5 Important Business Lessons Learnt from Ruslan Kogan
Earlier this month, the Australian Institute of Business hosted an Alumni event at the Grand Hyatt Melbourne, with a business-leading keynote speaker. Ruslan Kogan, successful technology entrepreneur and the creator of Kogan Technologies, graciously took the stage to share his insights and anecdotes from his time within the business industry, and his experiences as an entrepreneur. At the event he shared a great deal of details about the highs and lows of his own business endeavours – and here are 5 crucial lessons we learnt from his speech.
1. You Can Learn Everywhere
On stage at the Entrepreneur of the Year awards, Ruslan was asked if he learnt any of his business skills from his parents. His response? “We came from the communist Soviet Union, there was no such thing as business skills.” But backstage at the same awards, someone wisely pointed out that he may have learned a lot more than he thought.
“Think about what it takes to be an immigrant – you’ve got to drop everything you’ve got, take a massive risk, travel into the unknown and work your ass off for a potential benefit that might not even be there. Think about what it takes to be an entrepreneur – you’ve got to drop everything you’ve got, take a massive risk, travel into the unknown and work your ass off for a potential benefit that might not even be there.”
Though Kogan, as an incorporated company, began in 2006, his journey to entrepreneurship actually began in 1989, when his parents took a risk and moved to Australia with 2 kids and $90 in their pocket.
2. Your Interests Can Create a Business Opportunity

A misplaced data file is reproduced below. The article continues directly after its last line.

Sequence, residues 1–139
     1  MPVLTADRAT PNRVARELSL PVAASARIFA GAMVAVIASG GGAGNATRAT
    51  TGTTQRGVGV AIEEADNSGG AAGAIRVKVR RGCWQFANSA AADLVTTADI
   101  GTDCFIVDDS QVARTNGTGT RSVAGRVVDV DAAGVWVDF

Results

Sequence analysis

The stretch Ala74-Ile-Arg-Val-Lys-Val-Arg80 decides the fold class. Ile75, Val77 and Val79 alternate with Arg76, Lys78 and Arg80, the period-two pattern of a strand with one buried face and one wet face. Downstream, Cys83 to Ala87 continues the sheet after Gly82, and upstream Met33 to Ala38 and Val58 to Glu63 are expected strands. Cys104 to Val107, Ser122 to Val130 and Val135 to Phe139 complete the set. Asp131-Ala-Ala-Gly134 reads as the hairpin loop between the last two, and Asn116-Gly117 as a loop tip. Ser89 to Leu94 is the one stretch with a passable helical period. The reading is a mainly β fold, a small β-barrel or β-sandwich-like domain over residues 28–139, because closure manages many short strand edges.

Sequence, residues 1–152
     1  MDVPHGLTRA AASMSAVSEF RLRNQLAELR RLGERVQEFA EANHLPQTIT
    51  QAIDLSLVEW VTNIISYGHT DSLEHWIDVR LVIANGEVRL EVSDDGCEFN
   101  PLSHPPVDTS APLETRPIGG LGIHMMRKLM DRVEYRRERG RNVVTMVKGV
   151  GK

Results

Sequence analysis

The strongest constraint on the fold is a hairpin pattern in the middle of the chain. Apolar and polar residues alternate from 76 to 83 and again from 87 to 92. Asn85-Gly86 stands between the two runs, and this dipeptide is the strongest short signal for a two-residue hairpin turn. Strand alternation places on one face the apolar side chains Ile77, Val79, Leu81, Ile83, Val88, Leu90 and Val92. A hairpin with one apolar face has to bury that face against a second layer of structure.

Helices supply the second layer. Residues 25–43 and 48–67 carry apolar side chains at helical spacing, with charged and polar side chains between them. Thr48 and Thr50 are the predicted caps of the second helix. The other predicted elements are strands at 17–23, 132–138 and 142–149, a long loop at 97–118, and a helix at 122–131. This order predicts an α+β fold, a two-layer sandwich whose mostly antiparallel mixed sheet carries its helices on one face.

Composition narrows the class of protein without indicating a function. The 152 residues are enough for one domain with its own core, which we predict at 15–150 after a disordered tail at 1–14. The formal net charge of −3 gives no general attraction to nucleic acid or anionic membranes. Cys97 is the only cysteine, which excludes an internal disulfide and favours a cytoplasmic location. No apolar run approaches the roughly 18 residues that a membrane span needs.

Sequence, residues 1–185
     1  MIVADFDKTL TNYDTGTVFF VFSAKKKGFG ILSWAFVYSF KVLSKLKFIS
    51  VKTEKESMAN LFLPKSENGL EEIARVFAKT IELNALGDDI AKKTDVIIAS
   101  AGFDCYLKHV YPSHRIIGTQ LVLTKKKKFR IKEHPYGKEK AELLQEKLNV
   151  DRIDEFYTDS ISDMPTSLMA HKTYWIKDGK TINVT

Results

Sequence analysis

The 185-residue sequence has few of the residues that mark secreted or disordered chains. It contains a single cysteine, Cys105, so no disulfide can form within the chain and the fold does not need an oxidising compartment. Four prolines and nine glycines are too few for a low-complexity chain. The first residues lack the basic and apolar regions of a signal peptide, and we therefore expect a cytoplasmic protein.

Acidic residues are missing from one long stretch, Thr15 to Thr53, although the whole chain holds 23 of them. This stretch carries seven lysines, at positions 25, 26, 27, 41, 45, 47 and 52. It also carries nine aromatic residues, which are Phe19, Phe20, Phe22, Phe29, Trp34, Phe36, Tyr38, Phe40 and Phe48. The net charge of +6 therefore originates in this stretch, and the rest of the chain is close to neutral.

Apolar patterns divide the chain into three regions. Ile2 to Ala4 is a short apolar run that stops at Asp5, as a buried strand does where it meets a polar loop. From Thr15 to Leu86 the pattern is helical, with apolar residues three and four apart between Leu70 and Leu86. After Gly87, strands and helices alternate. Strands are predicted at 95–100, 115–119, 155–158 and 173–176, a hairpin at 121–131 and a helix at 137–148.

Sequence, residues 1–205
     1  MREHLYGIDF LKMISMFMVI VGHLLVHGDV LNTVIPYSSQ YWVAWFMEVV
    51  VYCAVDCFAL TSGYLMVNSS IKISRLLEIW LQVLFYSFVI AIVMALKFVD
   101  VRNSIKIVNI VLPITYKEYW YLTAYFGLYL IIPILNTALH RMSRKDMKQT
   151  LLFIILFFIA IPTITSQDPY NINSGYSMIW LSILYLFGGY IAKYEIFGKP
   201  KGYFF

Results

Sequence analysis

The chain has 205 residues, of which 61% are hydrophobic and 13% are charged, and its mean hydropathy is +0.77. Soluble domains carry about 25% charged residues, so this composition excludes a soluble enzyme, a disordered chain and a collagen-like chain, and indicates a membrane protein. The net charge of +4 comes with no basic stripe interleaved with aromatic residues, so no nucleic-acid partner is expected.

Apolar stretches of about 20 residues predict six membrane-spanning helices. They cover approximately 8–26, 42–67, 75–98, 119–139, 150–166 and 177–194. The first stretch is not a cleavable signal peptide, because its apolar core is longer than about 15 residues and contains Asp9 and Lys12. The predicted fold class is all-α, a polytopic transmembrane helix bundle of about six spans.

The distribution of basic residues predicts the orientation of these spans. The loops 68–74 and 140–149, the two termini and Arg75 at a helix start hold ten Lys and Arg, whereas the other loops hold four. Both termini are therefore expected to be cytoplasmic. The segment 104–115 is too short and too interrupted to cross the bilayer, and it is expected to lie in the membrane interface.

While working at Accenture, Ruslan was in the market for a new TV.
“I was always a gadget man, I loved gadgets – consistently getting new phones and so on. And flat screen TVs, they were a big deal at the time. I looked at all the big name stores, and despite earning some decent coin, I couldn’t afford one.”
So then he got an idea.
“I found a lot of factories in Asia, I emailed them all, and I said “I’d like to manufacture 100,000 televisions. Please provide me with your best price.” At the time, I was thinking they would provide me with a quote, I would ask for a sample, and that would then be my new TV.”
The factories, they started responding – and what he noticed was that the TVs worth $3,000 or $4,000 in Australia, they could be manufactured and imported for around $1,000. Ruslan also discovered that even though there are thousands of television brands around the world, the panels (which are around 90% of the television) are made by one of four main panel manufacturers – Samsung, Hitachi, LG and Sharp. A Sony TV? It’s a Sharp panel. And a Bang and Olufsen television uses a Samsung panel.
“The product being offered by the factories in Asia was a high quality product for a fraction of the price in Australia. I also thought to myself, it’s the perfect product for online retail – because online retail is about maximum value per cubic centimetre. All the ducks lined up.
3. Take Reasonable Risks:
“I went and shared my idea with a few people, and they all told me I was crazy.”
Ruslan’s friends, family and business advisors didn’t have a lot of faith. Online retail at that point was only for books and CDs at that point – nobody bought televisions online. But Ruslan had other ideas.
“I thought, if I line the specifications up side by side, educate the consumer, create a few videos, show them what they’re buying and give them a money back guarantee, they’ll buy it. It’s cheaper.”